The AVOD Series
As major media players launch and acquire services and content providers report material revenues, we profile the services driving interest in the US.
American retail company Walmart acquired Vudu for a reported $100 million in February 2010. Unlike its competitors, Vudu offers an extensive buy and rent service to customers as well as free ad-supported content.
According to Julian Franco, Head of AVOD for Vudu, they are targeting over half the U.S. households that don’t have Netflix. Franco indicates that Walmart “Have 150 million people coming into our stores. And they’ve told us they’ll watch ads in order to save money on video.”
In 2017 Vudu launched ‘Movies On Us’, an ad funded offering to complement the core transactional VOD business that boasts 180,000 titles to buy or rent.
Vudu’s Movies on Us offers 7,000 movies. It also has 335 full seasons of TV shows, free to watch with ads and is made up of mainly library and classic titles including Reasonable Doubt, Mad Max, True Grit and Abduction.
Vudu struck a deal in Q4 2018 to licence original content from studios' based on franchises from MGMs film and TV catalogue.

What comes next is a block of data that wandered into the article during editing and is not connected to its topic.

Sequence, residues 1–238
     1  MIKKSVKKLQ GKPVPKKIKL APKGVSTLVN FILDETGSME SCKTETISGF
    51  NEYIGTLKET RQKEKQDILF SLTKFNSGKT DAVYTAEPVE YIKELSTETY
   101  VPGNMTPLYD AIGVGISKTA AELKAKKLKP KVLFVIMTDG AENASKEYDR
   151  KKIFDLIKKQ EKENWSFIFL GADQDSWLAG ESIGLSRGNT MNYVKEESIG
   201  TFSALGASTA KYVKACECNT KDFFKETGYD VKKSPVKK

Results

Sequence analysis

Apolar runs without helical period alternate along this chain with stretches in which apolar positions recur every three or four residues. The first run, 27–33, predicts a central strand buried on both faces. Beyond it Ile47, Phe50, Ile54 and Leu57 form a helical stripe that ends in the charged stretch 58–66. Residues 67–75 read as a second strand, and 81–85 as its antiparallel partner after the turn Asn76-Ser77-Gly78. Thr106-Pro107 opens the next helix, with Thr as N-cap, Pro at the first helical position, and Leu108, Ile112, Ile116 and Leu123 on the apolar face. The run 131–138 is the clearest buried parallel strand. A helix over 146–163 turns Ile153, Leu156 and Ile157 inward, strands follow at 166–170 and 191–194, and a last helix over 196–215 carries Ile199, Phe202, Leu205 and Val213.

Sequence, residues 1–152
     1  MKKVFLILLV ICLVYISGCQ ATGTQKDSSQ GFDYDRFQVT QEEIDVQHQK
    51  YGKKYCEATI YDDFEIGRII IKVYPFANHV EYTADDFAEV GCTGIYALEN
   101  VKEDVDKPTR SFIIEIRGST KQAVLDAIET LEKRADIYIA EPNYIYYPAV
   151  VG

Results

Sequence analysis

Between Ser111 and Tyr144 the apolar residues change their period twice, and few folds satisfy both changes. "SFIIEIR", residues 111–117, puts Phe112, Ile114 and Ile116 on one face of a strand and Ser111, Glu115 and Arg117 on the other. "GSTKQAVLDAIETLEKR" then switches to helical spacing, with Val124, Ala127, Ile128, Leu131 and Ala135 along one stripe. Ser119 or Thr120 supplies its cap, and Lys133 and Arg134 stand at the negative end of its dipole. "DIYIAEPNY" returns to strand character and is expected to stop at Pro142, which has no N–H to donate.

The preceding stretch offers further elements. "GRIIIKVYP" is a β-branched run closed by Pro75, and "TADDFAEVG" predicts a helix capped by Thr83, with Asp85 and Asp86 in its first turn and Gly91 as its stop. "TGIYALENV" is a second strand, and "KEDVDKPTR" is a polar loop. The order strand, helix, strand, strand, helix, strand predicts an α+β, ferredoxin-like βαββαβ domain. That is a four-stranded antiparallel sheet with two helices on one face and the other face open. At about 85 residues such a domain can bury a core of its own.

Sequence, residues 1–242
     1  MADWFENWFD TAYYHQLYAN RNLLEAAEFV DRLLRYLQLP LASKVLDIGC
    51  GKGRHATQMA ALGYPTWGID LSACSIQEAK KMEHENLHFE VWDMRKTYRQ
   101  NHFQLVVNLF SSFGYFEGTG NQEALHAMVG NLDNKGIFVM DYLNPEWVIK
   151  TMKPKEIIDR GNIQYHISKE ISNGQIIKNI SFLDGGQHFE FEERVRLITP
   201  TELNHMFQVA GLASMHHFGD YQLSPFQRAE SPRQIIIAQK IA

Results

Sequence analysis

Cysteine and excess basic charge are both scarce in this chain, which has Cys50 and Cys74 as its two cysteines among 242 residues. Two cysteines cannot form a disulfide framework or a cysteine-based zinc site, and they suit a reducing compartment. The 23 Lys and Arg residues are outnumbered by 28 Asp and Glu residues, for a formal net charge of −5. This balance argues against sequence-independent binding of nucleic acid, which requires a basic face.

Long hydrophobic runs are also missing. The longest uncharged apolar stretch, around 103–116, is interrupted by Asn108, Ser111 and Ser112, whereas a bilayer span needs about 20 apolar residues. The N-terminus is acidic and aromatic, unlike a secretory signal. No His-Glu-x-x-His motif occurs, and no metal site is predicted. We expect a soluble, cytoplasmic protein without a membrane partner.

For advertisers, Vudu offers targeted ads based on viewers shopping habits. Ad load is relatively low with around 6-8 minutes per hour.
Vudu is available via an app (Android and iOS) and Comcast. Other devices include PlayStation and Xbox consoles, Apple TV, TiVo and Roku devices.
Variety report that Vudu has 25 million registered users across the platform.
Reports suggest that Vudu is planning to offer subscription services like HBO Now, Showtime and Starz on the platform, much like Amazon Channels.
There are also conflicting reports as to whether Walmart are planning to launch a subscription-based platform, with initial reports suggesting they are, and more recently that they have scrapped such plans in favour of focusing on Vudu.
Vudu have not announced any plans to expand internationally yet.